Although her translations have been banned in Iran since the 2009 protests, Sarbarani has remained committed to her goals. After her professors encouraged her to apply for doctoral programs in Europe and the United States, Sarbarani now finds herself immersed in a vibrant community that encourages her to open new horizons in theory and performance.
Since its inception in 2006, ASU’s Theatre and Performance of the Americas doctorate remains one of very few programs of its kind in the United States.
“Theater departments usually mean Anglo-American theater and some well-known theatrical works from major European countries, with an occasional peripheral work thrown in,” explains David William Foster, a Regents’ Professor of Spanish and Women and Gender Studies in the School of International Letters and Cultures and member of the graduate faculty of the School of Film, Dance and Theatre. In contrast, he says, “The Theatre and Performance of the Americas program is representing Latin American and Chicano theater very well.”
Furthermore, he notes that Phoenix offers a particularly dynamic setting in which to study Latin American theater, due to its significant Hispanic population and thriving tourism industry.
“There is an advantage of studying theater in an area in which there is an enormous amount of theatrical activity going on,” he says.
Sarbarani believes the themes of “The Walls” are relevant to her diverse audience on multiple levels. She and co-director Trent inspire audience members to draw cross-cultural comparisons between Argentina and Iran through multimedia presentations. Photographs and news clips documenting events in both countries circulate while the play’s action unfolds. Sarbarani notes that the play’s allegorical structure, which allowed Gambaro to explore controversial topics without inciting the censorship of the Argentine government, also makes the performance significant to audiences all over the world.
“I think the setting of the play can be anywhere, not just Argentina or Iran. It can be seen from different perspectives – political, psychological or social – and apply to other kinds of violence, not just political,” Sarbarani says.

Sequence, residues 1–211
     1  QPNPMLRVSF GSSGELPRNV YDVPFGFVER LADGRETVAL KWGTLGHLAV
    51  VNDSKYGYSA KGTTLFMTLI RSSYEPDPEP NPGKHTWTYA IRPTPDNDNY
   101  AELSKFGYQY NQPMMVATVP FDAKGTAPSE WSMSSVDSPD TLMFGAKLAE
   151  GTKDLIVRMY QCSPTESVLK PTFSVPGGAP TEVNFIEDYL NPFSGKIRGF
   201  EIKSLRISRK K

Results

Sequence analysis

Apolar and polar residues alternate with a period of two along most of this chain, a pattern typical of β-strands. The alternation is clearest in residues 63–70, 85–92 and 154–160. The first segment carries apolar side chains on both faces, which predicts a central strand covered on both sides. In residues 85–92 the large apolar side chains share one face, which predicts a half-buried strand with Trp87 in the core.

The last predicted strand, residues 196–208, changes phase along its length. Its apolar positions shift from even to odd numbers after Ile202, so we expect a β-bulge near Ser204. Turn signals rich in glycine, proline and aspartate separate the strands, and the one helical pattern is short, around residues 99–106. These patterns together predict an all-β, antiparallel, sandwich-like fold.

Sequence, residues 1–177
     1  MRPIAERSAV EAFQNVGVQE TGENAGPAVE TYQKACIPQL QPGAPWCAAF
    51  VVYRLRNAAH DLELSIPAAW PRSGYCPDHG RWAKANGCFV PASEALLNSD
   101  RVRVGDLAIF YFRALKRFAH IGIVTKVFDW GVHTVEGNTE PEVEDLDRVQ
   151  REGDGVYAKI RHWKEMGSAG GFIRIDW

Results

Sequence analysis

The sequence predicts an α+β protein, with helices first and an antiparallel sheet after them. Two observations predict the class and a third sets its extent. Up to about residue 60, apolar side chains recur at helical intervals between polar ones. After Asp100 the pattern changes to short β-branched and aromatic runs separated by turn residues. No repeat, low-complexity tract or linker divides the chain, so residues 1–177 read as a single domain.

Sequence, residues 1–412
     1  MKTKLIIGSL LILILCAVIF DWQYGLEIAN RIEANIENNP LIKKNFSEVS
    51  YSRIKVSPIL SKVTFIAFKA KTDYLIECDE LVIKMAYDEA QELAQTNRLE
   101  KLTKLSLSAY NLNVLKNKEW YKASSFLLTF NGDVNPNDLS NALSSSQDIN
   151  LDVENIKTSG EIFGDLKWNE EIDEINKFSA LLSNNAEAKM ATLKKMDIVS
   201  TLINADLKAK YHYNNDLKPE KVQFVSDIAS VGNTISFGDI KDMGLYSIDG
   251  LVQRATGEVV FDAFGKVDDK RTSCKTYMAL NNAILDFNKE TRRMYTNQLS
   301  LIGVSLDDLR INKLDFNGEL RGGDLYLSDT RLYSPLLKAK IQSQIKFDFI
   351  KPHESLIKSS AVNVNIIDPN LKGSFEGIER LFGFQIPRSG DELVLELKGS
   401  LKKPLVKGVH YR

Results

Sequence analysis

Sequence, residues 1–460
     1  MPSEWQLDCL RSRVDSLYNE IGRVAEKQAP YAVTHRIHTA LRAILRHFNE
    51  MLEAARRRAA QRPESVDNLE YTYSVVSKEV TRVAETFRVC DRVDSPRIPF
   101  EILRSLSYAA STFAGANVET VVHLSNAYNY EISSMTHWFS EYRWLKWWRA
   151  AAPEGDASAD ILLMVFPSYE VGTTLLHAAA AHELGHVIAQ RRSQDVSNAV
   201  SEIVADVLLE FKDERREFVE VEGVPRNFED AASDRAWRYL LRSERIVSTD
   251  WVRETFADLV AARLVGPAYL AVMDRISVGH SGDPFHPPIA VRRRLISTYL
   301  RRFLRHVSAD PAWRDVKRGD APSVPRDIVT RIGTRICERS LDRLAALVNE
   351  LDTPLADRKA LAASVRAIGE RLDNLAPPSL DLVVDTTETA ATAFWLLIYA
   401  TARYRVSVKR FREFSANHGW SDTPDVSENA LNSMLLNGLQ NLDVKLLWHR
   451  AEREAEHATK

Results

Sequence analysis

She also seeks to inform audiences about the situation in Iran and dispel common misconceptions about the Middle East.
“Sometimes reading or seeing theatre about something that happened in a place far away, if not long ago, helps one to see more clearly one's own circumstances, and I think Sarbarani is interested in that, both personally and professionally,” says Tamara Underiner, director of the Theatre and Performance of the Americas doctoral program and Sarbarani’s adviser. “As a translator, her work is important in introducing this perspective to her fellow Iranians. Conversely, as a theater director, her concept for staging the work here at ASU helps our students and community to understand a little more about what has been happening in Iran.”
For Gambaro as well as Sarbarani, the theatrical stage provides an optimal vehicle to inform, inspire and stir audiences into action.
“One of the advantages of theater is that it is live. The audience and the actors on stage are in contact with each other and interact,” Sarbarani explains. She sees theater as serving a double function: bringing realities to light while empowering audiences to take action. “For these reasons,” she says, “theater and art have an important role in revolution.”
Story by Vera Coleman